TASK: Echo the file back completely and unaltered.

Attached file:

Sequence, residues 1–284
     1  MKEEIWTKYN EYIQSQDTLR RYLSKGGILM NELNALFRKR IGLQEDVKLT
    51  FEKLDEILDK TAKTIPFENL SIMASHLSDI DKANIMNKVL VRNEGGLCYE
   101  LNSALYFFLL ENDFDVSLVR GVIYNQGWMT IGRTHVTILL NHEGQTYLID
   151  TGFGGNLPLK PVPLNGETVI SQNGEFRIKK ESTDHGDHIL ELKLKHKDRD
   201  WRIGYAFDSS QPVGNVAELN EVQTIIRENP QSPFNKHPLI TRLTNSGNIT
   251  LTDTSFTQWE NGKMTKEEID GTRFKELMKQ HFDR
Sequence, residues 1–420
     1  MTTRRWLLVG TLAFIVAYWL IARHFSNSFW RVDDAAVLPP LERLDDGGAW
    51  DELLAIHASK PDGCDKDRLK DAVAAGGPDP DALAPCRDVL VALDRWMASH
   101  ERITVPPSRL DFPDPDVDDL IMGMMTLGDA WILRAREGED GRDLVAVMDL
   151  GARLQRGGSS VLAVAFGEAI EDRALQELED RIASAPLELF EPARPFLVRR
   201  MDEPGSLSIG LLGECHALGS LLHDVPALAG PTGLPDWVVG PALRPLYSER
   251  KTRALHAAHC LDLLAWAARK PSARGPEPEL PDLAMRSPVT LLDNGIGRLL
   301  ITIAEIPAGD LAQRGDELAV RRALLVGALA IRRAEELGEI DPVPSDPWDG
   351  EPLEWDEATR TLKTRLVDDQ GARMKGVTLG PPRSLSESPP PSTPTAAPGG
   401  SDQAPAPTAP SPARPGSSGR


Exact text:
Sequence, residues 1–284
     1  MKEEIWTKYN EYIQSQDTLR RYLSKGGILM NELNALFRKR IGLQEDVKLT
    51  FEKLDEILDK TAKTIPFENL SIMASHLSDI DKANIMNKVL VRNEGGLCYE
   101  LNSALYFFLL ENDFDVSLVR GVIYNQGWMT IGRTHVTILL NHEGQTYLID
   151  TGFGGNLPLK PVPLNGETVI SQNGEFRIKK ESTDHGDHIL ELKLKHKDRD
   201  WRIGYAFDSS QPVGNVAELN EVQTIIRENP QSPFNKHPLI TRLTNSGNIT
   251  LTDTSFTQWE NGKMTKEEID GTRFKELMKQ HFDR
Sequence, residues 1–420
     1  MTTRRWLLVG TLAFIVAYWL IARHFSNSFW RVDDAAVLPP LERLDDGGAW
    51  DELLAIHASK PDGCDKDRLK DAVAAGGPDP DALAPCRDVL VALDRWMASH
   101  ERITVPPSRL DFPDPDVDDL IMGMMTLGDA WILRAREGED GRDLVAVMDL
   151  GARLQRGGSS VLAVAFGEAI EDRALQELED RIASAPLELF EPARPFLVRR
   201  MDEPGSLSIG LLGECHALGS LLHDVPALAG PTGLPDWVVG PALRPLYSER
   251  KTRALHAAHC LDLLAWAARK PSARGPEPEL PDLAMRSPVT LLDNGIGRLL
   301  ITIAEIPAGD LAQRGDELAV RRALLVGALA IRRAEELGEI DPVPSDPWDG
   351  EPLEWDEATR TLKTRLVDDQ GARMKGVTLG PPRSLSESPP PSTPTAAPGG
   401  SDQAPAPTAP SPARPGSSGR